The All-round Lightweight scaffolding system from modular specialist Layher will have a major role to play in Aberdeen’s £745Million transport infrastructure development.
The scheme, Linking Stonehaven in the south to Tipperty in the north, will include four sections, 75 principal structures including two river crossings, a railway bridge and 70 culverts. The Aberdeen Western Peripheral Route will significantly improve travel in and around the north east of Scotland. The scaffolding system will be part of the general construction process.
“A project of this size clearly has key scheduling objectives that need to be met,” says Sean Pike, MD of Layher UK, whose involvement was orchestrated by the company’s Livingston facility. “The speed and adaptability of the scaffold installations are critical, particularly as each bridge structure is designed to meet individual functional and location considerations.”
The decision by AWPR Construction Joint Venture, reflects key characteristics of the All-round system design. When complete, the project will help to reduce congestion, cut journey times, improve safety and lower pollution in Aberdeen City Centre. It will also enable local authorities to develop public transport solutions.
Sean added: “As with all Layher scaffold and weather protection systems, All-round Lightweight benefits from ease of handling and wide bay configuration as well as minimum component requirements resulting from the built-in ‘rosette’ connection system. This also produces clear gains in terms of transportation to, and storage at, site while the absence of separate fittings represents not only an obvious health and safety advantage, but also minimises the risk of materials being accidentally left at a site after removal.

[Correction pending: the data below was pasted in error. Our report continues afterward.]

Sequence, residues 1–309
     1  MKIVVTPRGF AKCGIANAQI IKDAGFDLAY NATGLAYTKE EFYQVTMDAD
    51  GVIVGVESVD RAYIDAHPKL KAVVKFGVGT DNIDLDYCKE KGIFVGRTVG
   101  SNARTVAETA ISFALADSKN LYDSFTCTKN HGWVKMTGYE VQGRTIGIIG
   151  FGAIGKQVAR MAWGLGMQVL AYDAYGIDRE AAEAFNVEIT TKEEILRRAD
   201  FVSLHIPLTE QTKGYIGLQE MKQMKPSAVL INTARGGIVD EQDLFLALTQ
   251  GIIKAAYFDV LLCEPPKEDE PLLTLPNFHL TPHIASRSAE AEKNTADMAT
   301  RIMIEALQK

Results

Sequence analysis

In a rural location – as is generally the case here over much of the alignment – this is of particular significance. Importantly, the Layher All-round system also requires minimal cross-bracing, enabling clear walkways to be utilised, aiding the movement of both workforce and materials around each structure.
Additionally, the versatility and loading capability of the modular system meets key considerations at the Aberdeen site head on, with consequent gains in terms of safety and project scheduling.”
A total of four fully boarded scaffold lifts have been installed, to allow for construction of the bridge support substructure, with Layher stair-towers also used at key points optimising speed of access. The deployment of advanced construction techniques impacts directly on both scheduling and budgetary control. The use of Layher’s All-round Lightweight scaffolding system is a clear demonstration of these objectives in operation.
Kenneth Redman, Technical Manager, Scotland and Ireland at Layher’s office in Scotland, said the company’s work on the project included several significant bridge ‘focus point crossings’.
“One particular site has called for two separate, yet complementary, bridges to be installed almost at a right angle to each other,” he explains. “While one is designed to raise the new dual carriageway over an existing road below, the other is to carry the new road over major utility services.
The speed of erection and adaptability of All-round Lightweight has been clearly demonstrated here and has avoided possible design complications, additional manpower and potential delays that could have arisen from the use of a tube and fitting alternative.”
Critically, the scaffold installation must be able to keep pace with the work as it progresses.